Africa’s Big Tuskers are the last living relics of a bygone era.
With tusks weighing in over 50 kilograms (per tusk), it’s little wonder ivory poaching has devastated Africa’s big tuskers population. The tusks are due to a rare genetic variation that sees exceptional tusk growth.
Sadly, there are very few left today and just a handful of places where you can see these majestic creatures in the wild.
Fortunately, there are foundations and charities working around the clock to protect the last of Africa’s Big Tuskers.
So when Tony, one of our regular clients reached out a few months ago wanting to go on a private safari to get close to the big tuskers, we were thrilled and jumped at the opportunity!
(Tony thanks for trusting us to design the safari in search of Africa’s Big Tuskers).
Undoubtedly one of the most fascinating species in Africa, elephants are enormous, incredibly intelligent and emotional creatures that can live to 60 even 70. So spending time with elephants in Africa whether they are Big Tuskers or not is hugely rewarding as Tony can attest!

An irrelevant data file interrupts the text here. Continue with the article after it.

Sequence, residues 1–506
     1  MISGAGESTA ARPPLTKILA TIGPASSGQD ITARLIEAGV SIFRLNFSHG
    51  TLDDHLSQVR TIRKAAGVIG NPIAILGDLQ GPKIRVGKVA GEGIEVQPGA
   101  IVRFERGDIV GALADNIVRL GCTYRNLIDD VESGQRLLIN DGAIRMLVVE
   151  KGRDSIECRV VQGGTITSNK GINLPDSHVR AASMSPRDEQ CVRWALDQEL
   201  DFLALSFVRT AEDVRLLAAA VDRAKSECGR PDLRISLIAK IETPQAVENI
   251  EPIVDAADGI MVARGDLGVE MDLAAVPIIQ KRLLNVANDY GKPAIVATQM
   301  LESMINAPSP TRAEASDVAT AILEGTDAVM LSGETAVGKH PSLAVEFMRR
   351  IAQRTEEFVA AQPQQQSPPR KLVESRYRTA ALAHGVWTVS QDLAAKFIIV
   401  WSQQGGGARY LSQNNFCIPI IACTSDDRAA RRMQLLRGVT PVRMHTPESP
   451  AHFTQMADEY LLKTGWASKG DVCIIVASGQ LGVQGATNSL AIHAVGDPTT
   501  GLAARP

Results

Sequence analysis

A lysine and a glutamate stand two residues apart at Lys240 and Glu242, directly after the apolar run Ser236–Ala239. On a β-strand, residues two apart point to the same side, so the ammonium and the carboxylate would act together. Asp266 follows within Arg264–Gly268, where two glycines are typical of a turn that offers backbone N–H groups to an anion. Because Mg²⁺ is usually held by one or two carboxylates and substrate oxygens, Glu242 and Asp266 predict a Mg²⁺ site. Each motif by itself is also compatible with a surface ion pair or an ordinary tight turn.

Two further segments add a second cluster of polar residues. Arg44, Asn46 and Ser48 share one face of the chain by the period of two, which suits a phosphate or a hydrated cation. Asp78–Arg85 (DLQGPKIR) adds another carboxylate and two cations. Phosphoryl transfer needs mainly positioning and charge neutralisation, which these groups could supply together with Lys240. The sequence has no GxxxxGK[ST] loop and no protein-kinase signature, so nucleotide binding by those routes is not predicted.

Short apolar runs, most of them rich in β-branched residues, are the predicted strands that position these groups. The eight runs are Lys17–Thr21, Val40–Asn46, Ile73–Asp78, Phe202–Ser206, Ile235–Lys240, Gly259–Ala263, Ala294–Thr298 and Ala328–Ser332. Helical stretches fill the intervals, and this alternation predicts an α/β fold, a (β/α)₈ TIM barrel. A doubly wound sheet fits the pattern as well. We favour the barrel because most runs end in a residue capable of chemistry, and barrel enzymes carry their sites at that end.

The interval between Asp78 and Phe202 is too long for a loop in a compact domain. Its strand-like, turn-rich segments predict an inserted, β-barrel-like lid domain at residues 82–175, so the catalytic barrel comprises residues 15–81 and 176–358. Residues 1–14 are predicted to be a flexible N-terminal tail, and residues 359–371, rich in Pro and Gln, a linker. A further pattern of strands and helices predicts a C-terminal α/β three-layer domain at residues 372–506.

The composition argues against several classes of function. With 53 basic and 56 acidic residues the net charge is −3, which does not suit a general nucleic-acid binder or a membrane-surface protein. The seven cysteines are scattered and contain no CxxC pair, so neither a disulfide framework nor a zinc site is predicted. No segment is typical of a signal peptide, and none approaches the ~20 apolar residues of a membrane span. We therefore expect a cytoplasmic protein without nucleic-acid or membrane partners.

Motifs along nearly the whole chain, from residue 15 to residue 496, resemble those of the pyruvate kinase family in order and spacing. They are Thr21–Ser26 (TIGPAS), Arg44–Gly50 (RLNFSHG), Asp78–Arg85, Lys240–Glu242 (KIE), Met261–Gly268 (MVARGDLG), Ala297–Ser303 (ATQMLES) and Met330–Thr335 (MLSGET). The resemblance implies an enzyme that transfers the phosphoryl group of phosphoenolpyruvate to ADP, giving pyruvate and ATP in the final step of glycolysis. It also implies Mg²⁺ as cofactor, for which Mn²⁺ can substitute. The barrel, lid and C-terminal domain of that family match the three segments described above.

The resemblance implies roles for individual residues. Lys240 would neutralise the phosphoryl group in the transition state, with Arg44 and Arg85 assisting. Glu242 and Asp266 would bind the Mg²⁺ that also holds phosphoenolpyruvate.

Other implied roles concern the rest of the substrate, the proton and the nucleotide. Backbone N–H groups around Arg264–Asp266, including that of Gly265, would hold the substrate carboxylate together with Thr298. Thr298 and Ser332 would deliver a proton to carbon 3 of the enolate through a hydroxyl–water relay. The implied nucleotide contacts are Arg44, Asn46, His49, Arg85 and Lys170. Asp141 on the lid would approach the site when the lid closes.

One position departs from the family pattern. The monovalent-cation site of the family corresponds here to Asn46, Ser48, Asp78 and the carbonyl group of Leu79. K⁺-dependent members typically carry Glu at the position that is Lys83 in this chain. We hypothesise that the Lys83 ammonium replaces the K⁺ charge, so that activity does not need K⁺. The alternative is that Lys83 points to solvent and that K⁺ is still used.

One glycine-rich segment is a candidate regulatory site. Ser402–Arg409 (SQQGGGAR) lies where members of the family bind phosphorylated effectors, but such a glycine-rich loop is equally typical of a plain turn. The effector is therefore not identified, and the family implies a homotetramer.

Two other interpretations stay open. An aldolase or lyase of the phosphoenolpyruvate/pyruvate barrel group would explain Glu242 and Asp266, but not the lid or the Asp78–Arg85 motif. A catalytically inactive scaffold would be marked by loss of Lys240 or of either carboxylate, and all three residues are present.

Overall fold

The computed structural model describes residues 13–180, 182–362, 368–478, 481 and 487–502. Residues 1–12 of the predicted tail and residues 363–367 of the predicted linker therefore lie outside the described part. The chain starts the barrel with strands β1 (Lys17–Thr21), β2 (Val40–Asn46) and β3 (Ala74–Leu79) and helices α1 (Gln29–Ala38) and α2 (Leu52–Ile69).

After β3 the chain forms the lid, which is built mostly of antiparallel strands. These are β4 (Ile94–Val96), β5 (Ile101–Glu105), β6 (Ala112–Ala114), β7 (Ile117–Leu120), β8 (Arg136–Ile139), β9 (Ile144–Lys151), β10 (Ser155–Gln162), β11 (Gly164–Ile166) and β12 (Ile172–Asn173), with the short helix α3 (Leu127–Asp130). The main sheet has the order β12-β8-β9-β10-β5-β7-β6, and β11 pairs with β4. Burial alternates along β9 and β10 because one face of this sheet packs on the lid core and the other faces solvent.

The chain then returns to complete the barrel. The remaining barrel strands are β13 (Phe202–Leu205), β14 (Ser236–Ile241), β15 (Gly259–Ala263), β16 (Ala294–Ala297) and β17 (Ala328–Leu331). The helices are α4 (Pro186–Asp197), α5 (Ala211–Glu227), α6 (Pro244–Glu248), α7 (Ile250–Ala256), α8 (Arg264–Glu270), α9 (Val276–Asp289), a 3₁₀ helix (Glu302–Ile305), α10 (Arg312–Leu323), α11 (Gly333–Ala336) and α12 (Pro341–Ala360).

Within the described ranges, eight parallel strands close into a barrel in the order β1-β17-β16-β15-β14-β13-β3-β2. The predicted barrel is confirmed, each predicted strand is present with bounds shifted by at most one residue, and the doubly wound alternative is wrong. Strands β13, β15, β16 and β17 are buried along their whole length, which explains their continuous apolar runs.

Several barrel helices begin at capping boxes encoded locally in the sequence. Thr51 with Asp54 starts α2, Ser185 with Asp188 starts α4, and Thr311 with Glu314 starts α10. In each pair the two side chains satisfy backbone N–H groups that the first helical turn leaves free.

Why are Africa’s Big Tuskers so rare?
As touched upon earlier, there are two main reasons for the rarity of big tuskers. Firstly, the large tusks are a natural rarity genetically and secondly, elephants are constantly at threat from poachers. Just one kilogram of ivory sells for several thousands of dollars.
How many Big Tuskers remain?
There’s an estimated 20 remaining today, so it’s vital we support every conservation effort to protect what’s arguably the last viable gene pool of Africa’s Big Tuskers.
What extra protection is there for Africa’s Big Tuskers?
The Big Tusker Project is a team of passionate people working tirelessly to protect these gentle giants. In Kenya, the team works in close collaboration with the Kenya Wildlife Service and research and conservation partners, Save the Elephants.
Scroll down to see Tony Smith’s gallery of images from his search for Africa’s Big Tuskers.
And get in touch if you’d like to chat about a Big Tusker safari.